Michael Desmond Quinn, a retired banker who founded the Wye Group, a mortgage firm, died of heart disease Sunday at his Towson home. He was 86.
Born in Baltimore and raised on East Eager Street, he was the son of Michael Joseph Quinn, a Baltimore City municipal worker, and Gladys Baldwin, a homemaker.
He initially attended the School of the Cathedral in downtown Baltimore and after his family moved to Anne Arundel County, he graduated from Glen Burnie High School in 1954.
He earned a degree at the University of Maryland, College Park and served in the Navy aboard the USS Compton.
He met his future wife, Mary McHenry Quinn, a student at the old Mount St. Agnes College, through mutual friends. They married in 1961.
Mr. Quinn joined the mortgage brokerage Weaver Brothers, Inc. in 1960, which started his five decade career in finance, insurance and real estate. He began work in a space above Purdum’s Pharmacy on York Road.
“He had an interesting career. He started at an entry level at Weavers Brothers at its Anneslie office. Within 20 years he was starting a business and owning his own mortgage company,” said brother-in-law, William F. McHenry.
“Mike knew the mortgage business. He was smart and he was a people person,” his brother-in-law said.
Mr. Quinn became involved in Baltimore’s business community.
“Mike was one of the young men who were involved in the revitalization of downtown Baltimore in the 1960s,” his wife said. “He belonged to the Baltimore Junior Chamber of Commerce and traveled throughout the country recruiting other JC chapters to have a national convention in Baltimore in 1968.”
She recalled it as one of the larger conventions to come to Baltimore. The events included a parade and President Lyndon B. Johnson speaking to chamber members at the old Civic Center.
“There was a reception for about 1,200 wives — women could not be in the JCs — and we were bussed to the White House for a reception for the King and Queen of Thailand,” his wife said.
Mr. Quinn became president and chief executive officer of Chesapeake Financial Inc. In 1977 he formed the Wye Group, Inc., a mortgage banking and real estate organization.
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“My husband formed the Wye Group at our dining room table,” Mrs. Quinn said. “Mike was entrepreneurial and forward thinking.”
Mr. Quinn was a member of the business group Greater Baltimore Committee and took an interest in the Madison Square section of East Baltimore near the Johns Hopkins Hospital. He worked with community activist Lucille Gorman on housing issues.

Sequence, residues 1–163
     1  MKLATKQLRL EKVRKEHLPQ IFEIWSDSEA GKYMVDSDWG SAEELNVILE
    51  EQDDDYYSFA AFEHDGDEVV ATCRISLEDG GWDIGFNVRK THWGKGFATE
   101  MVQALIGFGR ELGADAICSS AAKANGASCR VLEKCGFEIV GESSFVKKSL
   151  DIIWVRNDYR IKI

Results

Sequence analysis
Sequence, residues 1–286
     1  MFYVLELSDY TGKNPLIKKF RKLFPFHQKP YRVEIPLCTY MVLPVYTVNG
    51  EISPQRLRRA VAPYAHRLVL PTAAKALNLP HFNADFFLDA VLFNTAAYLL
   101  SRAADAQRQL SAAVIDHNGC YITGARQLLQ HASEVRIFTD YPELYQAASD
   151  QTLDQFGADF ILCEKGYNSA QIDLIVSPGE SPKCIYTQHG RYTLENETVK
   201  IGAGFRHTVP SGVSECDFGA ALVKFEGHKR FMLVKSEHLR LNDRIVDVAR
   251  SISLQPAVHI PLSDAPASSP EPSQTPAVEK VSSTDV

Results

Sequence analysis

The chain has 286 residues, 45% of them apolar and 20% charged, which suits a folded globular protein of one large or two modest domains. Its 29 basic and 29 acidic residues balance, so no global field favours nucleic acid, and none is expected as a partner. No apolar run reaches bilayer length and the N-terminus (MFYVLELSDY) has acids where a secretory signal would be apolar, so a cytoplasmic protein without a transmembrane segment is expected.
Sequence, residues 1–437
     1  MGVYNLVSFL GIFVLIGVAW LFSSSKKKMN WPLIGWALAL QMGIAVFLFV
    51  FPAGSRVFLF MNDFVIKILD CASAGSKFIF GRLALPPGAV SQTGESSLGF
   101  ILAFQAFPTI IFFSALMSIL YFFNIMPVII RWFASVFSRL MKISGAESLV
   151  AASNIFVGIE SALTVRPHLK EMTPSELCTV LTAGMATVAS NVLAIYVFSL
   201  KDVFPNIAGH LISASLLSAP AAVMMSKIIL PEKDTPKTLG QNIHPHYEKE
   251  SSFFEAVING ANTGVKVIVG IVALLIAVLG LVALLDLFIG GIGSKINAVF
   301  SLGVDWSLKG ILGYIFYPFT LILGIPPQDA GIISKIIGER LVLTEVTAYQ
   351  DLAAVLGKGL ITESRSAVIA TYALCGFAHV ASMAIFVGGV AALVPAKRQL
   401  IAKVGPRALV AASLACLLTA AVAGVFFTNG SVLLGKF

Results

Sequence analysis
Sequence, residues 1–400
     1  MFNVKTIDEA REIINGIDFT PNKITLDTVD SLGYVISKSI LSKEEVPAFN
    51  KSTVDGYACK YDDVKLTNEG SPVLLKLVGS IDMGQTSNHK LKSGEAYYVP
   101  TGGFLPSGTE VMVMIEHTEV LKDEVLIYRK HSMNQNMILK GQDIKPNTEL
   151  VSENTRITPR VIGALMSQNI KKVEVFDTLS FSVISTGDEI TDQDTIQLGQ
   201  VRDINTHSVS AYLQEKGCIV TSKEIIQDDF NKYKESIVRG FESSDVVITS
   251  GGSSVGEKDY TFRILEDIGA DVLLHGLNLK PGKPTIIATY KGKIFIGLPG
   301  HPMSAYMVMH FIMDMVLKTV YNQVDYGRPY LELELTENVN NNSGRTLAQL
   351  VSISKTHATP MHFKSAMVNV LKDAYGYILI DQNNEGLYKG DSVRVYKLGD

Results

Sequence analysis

Mr. Quinn was a past president of the Mortgage Bankers Association.
“Mike was well liked and respected within our industry,” said Hugh Coyle, a fellow mortgage banker. “He ended up in the Mortgage Bankers Hall of Fame.”
Mr. Quinn also worked in venture capital and investment projects.
He remained interested in Baltimore area real estate and bought the old Charles H. Steffey real estate firm, which later merged into O’Conor, Piper & Flynn Realtors.
He later led the sale of The Wye Group’s mortgage banking companies with Goldman Sachs.
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In 1991 he founded Alliance Recovery Group Inc., a management firm that had contracts with the Resolution Trust Corporation and Estate Trust Inc. The company bought and sold life insurance in the aftermarket.
Mr. Quinn, a recovering alcoholic, worked with area support groups and was a sponsor for Geisinger Marworth Treatment Center in Waverly, Pennsylvania.
He was a member of the University of Maryland’s President’s Club and the Baltimore County Club. He taught courses about the mortgage business at the Johns Hopkins University and the Essex campus of the Community College of Baltimore County.
Mr. Quinn was a waterfowl hunter who shot geese and liked the fields around Wye Mills. He golfed regularly with a group of friends.
Mr. Quinn served on the board of the visitors at the University of Maryland’s Robert H. Smith School of Business for 17 years.
Services are private.
Survivors include his wife of 62 years, Mary McHenry Quinn, a retired Baltimore County Schools nurse who worked with her husband in estate trusts; four daughters, Cailin Quinn of Towson, Maureen Quinn of Sparks, Patti Jacobs of Lutherville and Marianne Quinn of Cockeysville; and three grandchildren.